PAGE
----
Sherpas from Nepal and Tibet are known for their unique ability to thrive in high-altitudes, most famously Mount Everest. Scientists believe that this adaptation was acquired over time by interbreeding with the now extinct humans known as Denisovans. A new study from the Shanghai Institutes for Biological Sciences believes that Tibetan Mastiffs may have followed a similar path.
Like their human counterparts, Tibetan Mastiffs can also live in regions most others can’t—in the thin mountain air above 4,000 meters. The lead researcher and geneticist, Zhen Wang, believes that similar to people, this ability was acquired by interbreeding with gray wolves that already lived at high altitudes more than 20,000 years ago.
This breeding allowed the mastiffs to produce less hemoglobin, the protein that carries oxygen in red blood cells. This helps the dogs avoid clots and stokes that can arise when the body produces additional red blood cells in an effort to acquire more oxygen at high altitude. Scientists believe the gene responsible for the adaptation is called EPAS1, which regulates the production of hemoglobin, but weren’t sure how the mastiffs acquired it.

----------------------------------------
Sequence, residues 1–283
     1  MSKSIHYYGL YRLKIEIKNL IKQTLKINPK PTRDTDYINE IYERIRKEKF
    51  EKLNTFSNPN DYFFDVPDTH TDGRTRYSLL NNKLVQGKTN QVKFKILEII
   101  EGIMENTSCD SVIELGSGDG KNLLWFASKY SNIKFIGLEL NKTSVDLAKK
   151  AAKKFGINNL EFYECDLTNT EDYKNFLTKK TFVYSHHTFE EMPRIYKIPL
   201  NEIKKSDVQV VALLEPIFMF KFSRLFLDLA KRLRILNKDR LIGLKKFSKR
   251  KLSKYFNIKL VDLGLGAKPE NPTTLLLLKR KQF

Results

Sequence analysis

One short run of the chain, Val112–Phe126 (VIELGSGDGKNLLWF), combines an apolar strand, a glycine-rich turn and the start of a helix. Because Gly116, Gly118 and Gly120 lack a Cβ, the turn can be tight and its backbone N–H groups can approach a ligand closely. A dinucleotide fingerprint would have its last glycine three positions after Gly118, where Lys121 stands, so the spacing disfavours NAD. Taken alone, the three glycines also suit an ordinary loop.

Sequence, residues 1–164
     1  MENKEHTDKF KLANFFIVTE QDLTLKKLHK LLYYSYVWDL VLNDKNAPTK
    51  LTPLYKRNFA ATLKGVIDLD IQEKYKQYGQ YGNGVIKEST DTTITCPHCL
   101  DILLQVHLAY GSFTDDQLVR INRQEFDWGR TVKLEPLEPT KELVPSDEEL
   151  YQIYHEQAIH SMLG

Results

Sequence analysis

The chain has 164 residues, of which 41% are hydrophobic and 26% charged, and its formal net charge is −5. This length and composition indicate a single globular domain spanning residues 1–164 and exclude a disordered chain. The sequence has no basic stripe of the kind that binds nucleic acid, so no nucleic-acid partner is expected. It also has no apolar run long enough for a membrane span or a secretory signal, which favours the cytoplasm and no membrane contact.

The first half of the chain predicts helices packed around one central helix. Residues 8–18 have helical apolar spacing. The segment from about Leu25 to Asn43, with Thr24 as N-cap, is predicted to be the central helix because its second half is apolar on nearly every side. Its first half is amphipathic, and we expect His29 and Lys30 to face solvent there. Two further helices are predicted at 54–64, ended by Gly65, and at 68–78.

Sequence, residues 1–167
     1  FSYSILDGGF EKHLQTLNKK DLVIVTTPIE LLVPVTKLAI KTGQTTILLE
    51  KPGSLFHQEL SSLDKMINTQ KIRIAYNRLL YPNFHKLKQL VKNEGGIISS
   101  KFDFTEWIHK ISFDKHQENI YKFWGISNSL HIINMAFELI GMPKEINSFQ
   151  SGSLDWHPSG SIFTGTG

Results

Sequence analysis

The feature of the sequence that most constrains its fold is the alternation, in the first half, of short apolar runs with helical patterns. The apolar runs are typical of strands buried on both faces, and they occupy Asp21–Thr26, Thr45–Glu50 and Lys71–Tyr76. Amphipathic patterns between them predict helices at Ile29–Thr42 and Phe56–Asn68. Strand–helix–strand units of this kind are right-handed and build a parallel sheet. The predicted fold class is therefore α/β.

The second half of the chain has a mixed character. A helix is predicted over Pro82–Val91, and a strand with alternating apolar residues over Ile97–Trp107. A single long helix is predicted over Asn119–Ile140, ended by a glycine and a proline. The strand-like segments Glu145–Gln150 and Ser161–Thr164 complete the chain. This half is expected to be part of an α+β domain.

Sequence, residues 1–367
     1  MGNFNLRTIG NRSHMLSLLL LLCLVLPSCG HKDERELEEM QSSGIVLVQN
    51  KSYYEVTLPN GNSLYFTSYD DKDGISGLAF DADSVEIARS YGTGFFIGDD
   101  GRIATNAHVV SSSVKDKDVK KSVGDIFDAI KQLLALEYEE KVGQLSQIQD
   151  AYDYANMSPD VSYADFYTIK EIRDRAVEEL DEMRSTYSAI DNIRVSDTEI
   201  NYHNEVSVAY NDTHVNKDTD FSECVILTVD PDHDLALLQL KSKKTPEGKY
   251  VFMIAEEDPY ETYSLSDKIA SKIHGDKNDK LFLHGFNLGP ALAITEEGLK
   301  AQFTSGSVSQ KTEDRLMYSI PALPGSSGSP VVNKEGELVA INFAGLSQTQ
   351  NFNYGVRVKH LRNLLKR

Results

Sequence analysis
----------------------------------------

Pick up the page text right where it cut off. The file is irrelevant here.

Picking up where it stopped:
Zhen and his team suspected that the source was gray wolves since they had the EPAS1 gene and had lived on the Tibetan Plateau for some time. So they analyzed segments of DNA containing the gene from 29 canines, including Chinese highland and lowland gray wolves, Tibetan Mastiffs, Chinese lowland village dogs, and a golden jackal. As it turns out, Tibetan Mastiffs are much more closely related to other Chinese dogs than than gray wolves, but they found two genetic areas in the mastiffs that had signs of interbreeding with the Tibetan gray wolf. While the mastiffs got a useful adaptation out of the deal, there’s no genetic evidence that the wolves got anything beneficial in return.
Either way, it’s very cool to see dogs and humans adapt in a similar way!